A nice puzzle and a good workout and I think I was just not on form today. Many thanks to Roly for the blog

  14. I guess I wasn’t on wavelength today. I looked at the grid which was mostly completed in my target time but was peppered with missing unches in COASTER, MOSS, PYRAMID and LOI ROTTEN APPLE (unparsed). 10:11 Forgot to say that I also have NHO TON = fashion.

  15. Three in a row completed (each about 25 minutes), first hat trick, so a kind of PB. Perhaps I’m beginning to get the hang of these. FOI PORTAL, COD INAPPROPRIATE, LOI REPAIR. Thanks, Hurley. Thanks also to Templar for his superlative explanation of SUPERLATIVE.

  16. Enjoyed this – thanks Hurley and rolytoly. Minor gripe with ton – never heard of it. Also I do think that 5a needs a hint that he’s from yesteryear. I remember him but I’m in my 70’s!

  17. I am providing a service to all of us that have NHO ton meaning fashion by quoting Wikipedia – not infallible I know but often helpful – which says:

    “The ton was the high society in the United Kingdom during the late Regency era and the reign of King George IV, and later. The word means, in this context, ‘manners’ or ‘style'”.

    From which point to meaning fashion in a 21st century QC is of course but a small step. How could I not have seen it immediately!


    1. Surely “bon ton” is pretty well known? There even used to be a clothes shop near us called that!

      1. Well, it may be in some parts, and perhaps it should be more universally, but I’d argue that it is a touch more obscure than you imply.

        To be clear, I’m not criticising Hurley, and the clue was very biffable, but it is the nature of such GK that one either knows it (in which case it is easy enough) or one doesn’t. And comments here suggest that I am not quite alone in being woefully ignorant of the term.

        1. That’s spot on about GK – one solver’s write-in is another solver’s NHO!

      2. NHO TON for fashion. NHO “Bon ton”, whatever that may mean. Must have been brung up wrong.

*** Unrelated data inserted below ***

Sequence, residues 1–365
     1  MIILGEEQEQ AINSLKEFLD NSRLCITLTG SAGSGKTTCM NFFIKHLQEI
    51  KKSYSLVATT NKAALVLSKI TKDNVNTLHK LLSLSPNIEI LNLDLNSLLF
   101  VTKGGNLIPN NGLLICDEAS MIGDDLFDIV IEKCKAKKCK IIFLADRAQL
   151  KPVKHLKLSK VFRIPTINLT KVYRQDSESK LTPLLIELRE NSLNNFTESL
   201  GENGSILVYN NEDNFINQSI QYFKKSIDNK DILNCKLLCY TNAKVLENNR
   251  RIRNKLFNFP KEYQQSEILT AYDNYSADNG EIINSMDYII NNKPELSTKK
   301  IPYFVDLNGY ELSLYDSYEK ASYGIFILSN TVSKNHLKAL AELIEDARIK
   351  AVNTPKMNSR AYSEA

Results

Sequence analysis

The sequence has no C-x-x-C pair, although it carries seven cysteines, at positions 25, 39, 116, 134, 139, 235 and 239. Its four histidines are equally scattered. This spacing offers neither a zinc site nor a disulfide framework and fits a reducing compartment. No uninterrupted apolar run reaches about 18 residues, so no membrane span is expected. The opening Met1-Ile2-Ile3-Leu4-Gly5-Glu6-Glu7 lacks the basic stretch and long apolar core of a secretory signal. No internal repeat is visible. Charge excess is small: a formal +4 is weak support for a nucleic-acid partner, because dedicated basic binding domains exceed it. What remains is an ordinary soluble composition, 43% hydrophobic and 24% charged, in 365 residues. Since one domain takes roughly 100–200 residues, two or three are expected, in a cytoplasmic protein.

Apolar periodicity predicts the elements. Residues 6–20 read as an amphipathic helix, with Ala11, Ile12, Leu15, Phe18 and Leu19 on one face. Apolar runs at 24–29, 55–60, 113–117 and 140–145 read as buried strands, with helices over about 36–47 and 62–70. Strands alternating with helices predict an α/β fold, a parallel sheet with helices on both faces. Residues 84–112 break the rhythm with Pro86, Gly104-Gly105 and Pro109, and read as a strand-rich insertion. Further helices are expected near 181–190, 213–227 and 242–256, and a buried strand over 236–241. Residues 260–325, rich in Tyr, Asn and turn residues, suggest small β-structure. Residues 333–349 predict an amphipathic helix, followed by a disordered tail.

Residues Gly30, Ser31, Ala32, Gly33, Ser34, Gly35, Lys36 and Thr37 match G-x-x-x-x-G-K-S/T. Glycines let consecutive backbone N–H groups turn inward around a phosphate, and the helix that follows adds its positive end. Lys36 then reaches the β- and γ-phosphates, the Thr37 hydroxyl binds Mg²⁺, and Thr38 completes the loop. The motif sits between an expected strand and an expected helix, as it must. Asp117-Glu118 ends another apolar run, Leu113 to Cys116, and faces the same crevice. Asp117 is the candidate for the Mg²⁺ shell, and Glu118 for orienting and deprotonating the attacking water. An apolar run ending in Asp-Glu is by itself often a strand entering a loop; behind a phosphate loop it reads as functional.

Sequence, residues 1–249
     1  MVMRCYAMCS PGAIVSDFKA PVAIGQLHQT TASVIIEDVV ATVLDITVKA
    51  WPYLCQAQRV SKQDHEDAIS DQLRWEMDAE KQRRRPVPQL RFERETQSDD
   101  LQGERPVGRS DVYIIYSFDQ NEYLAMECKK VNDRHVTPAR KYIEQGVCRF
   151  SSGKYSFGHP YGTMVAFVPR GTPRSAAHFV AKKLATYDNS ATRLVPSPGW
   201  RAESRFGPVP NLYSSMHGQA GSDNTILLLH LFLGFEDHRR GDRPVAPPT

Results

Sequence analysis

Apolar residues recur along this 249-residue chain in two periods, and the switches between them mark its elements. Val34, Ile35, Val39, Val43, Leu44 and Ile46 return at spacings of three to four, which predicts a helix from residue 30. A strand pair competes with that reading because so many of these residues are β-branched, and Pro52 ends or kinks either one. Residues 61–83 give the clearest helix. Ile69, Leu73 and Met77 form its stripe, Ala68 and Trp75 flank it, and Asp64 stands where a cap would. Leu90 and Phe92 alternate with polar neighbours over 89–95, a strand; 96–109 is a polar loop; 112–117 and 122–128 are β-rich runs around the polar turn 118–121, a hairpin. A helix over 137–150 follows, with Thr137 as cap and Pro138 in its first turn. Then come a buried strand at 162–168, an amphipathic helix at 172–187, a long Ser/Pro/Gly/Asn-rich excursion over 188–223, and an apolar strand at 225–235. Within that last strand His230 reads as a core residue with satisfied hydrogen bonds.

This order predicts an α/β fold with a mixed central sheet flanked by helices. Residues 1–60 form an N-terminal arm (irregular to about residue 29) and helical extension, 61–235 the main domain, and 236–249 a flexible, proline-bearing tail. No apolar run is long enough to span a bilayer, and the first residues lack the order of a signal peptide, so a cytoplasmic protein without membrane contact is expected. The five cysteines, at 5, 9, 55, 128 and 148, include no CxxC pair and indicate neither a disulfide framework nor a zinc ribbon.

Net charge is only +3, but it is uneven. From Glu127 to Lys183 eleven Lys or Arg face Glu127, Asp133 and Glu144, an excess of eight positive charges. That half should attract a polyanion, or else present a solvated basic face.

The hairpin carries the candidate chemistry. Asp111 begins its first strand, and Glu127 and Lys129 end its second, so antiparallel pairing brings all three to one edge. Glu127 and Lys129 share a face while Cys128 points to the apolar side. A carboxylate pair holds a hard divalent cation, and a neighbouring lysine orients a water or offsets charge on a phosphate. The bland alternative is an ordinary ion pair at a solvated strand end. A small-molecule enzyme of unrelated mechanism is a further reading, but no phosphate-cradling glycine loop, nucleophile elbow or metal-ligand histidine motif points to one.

1. If I had ever seen ‘bon ton’, I would have assumed it was a French Hi-Fi chain. 🙄

    2. OED, which is infallible, has usage from 1769 to 1978 (the eighties bonkbuster Scruples. If I used it with my teenage daughter’s friends would I be ton, fleek, snatched, peng or just cheugy?

        1. Today has expanded my vocabulary by at least 5 words. Though I’m not sure I’d ever dare use any of Merlin’s quartet in real life!

  18. 7:27

    No real problems though took a while to see INAPPROPRIATE and LOI COASTER – as with others, was thinking floor mats. Luckily, familiar with TON from these crosswords, plus I still have a FUTON which comes in useful for any unexpected teenagers sleeping over.

  19. I was on good form with this one finishing in a speedy 6.43. The only one that held me up to any extent was my LOI SUPERLATIVE, and this took me about 40 seconds to work out what was going on.

  20. 24:12 today with 4 mins on PDM SUPERLATIVE. Liked PORTAL (conjures up all sorts of otherworldly images). Didn’t parse ENTER, my POI – always forget that ‘America’ may mean American spelling. Lots of nice clues. Thanks for the blog.

  21. 30 mins…

    Must have missed the easy bits, as I thought this was pretty chewy. Quite a few I struggled to parse, including 3dn “Superlative” and 17dn “Futon”. NHO of “blackguard” for ruffian.

    FOI – 1ac “Ancestry”
    LOI – 2dn “Coaster”
    COD – 9dn “Rotten Apple”

    Thanks as usual!

    1. Blackguard is pronounced ‘blaggard’, another historical drama word!

      1. Ahh…that makes more sense. Probably in some Jane Austen novel I guess.